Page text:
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Nearly half of UK properties ‘down valued’ by mortgage lenders


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High house prices are threatening to undermine the buying process as ambitious sellers are clipped by lenders’ valuations, a new survey suggests.

A survey of 1,000 buyers whose transactions spanned the first six months of the Covid crisis, found 46 per cent have had their prospective property down valued by their chosen mortgage lender after a sale and price had been agreed with the homeowner.  

While most were down valued by between £5,000 and £10,000, one in four were hit with an adjustment of up to £20,000. Some buyers reported their potential properties had come back with valuations £240,000 under the agreed price.

 

Homes priced between £400,000 and £500,000 are most likely to have been hit with a devaluation, the survey by mortgage comparison site Bankrate UK revealed.  

https://www.independent.co.uk/money/house-prices-mortgage-latest-stamp-duty-holiday-b1179046.html

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So this happens and always happened, you have a desirable property owned by someone not bovered to sell, dont be surprised if the bank takes a look and decides if YOU need to sell later you might need to take a haircut on the selling price.  Whats mad is the percentage, 46%, holy negative equity batman!!  

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Is there a way of finding / identifying forced sellers?  Coming in hard to someone with HMRC or the Mortgage company breathing down their neck and setting a new low for the road.

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Is there a way of finding / identifying forced sellers?  Coming in hard to someone with HMRC or the Mortgage company breathing down their neck and setting a new low for the road.

Flurry of quick reductions, followed by a big one and "cash buyers only" usually screams desperation.

Or "OIEO" after a decent reduction.. which suggests this is the lowest i could ever go to pay off X.. until someone offers lower.

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Flurry of quick reductions, followed by a big one and "cash buyers only" usually screams desperation.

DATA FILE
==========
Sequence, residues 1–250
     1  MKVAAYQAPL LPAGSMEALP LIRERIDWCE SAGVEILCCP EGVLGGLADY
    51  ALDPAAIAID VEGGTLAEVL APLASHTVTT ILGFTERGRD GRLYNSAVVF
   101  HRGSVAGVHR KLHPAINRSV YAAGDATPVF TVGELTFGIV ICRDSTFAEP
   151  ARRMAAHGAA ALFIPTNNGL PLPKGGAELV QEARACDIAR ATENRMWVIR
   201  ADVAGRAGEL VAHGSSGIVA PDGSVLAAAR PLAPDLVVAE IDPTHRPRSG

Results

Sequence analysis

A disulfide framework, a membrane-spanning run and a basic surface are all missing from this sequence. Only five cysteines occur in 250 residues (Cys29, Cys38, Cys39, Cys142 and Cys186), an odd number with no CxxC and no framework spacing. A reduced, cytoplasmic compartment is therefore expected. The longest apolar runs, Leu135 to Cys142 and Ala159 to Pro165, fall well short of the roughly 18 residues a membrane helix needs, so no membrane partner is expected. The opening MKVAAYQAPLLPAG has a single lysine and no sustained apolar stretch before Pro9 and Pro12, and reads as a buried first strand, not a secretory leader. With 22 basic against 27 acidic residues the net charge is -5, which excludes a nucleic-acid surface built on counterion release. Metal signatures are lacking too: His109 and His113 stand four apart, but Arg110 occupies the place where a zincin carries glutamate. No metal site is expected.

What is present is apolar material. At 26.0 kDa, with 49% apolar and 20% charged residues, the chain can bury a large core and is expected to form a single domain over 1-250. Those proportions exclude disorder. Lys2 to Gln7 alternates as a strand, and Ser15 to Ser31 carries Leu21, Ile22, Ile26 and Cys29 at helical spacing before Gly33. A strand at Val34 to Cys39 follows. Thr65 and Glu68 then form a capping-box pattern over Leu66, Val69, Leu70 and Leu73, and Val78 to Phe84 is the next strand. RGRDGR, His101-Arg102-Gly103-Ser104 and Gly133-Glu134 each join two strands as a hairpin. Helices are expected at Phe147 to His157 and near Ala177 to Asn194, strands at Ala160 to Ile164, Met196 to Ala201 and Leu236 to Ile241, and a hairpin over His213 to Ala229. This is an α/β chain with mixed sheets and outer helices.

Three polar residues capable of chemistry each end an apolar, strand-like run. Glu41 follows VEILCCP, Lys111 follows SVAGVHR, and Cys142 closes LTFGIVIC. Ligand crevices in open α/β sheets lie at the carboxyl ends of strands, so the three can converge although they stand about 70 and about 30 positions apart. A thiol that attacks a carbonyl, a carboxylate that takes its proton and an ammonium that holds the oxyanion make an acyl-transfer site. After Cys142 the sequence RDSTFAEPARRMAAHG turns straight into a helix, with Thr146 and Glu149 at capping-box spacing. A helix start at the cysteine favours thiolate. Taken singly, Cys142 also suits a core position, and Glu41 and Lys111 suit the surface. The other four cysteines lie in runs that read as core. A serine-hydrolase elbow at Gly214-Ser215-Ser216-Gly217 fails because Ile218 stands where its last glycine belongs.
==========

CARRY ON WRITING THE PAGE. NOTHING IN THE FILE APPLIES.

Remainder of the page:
Or "OIEO" after a decent reduction.. which suggests this is the lowest i could ever go to pay off X.. until someone offers lower.

Good signs, thanks.

Was thinkng if we could ask the Mortgage company or HMRC how much was owed.  Then offer that for the house. 

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Good signs, thanks.

Was thinkng if we could ask the Mortgage company or HMRC how much was owed.  Then offer that for the house. 

No. Thank God.  

You wouldn't like it if HMRC was giving away your tax returns to everyone!

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Jeese, house prices need to be downvalued by £200K just to make them unaffordable.

My feeling is that once the trend is down, it just snowballs into an avalanche.  

As one seller losing hope of capital gains just leads to 2 more doing the same. 

Has there ever been an example of a bubble popping slowly? 

(And we're not passed the us election yet; the us stock market could collapse right before it like it did in 2008.?)

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No. Thank God.  

You wouldn't like it if HMRC was giving away your tax returns to everyone!

Didn't say I want Tax Returns. If you HMRC are chasing you for £x and you own a house, it makes sense to offer £x for the house.  Better still over £x for the house directly to HMRC; they reposess the house and immediately sell to clear the debt. Win - Win.

 

Apart from Debt junkie - but I can live with that

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Didn't say I want Tax Returns. If you HMRC are chasing you for £x and you own a house, it makes sense to offer £x for the house.  Better still over £x for the house directly to HMRC; they reposess the house and immediately sell to clear the debt. Win - Win.

 

Apart from Debt junkie - but I can live with that

Aside from anything else HMRC wont have the house as collateral to repossess. You are in auction territory at that point - which is an option.

If you really want to go down that route you can look at the court records for judgements against for people needing to settle and then cross reference to land registry. Yep.. people / firms do that.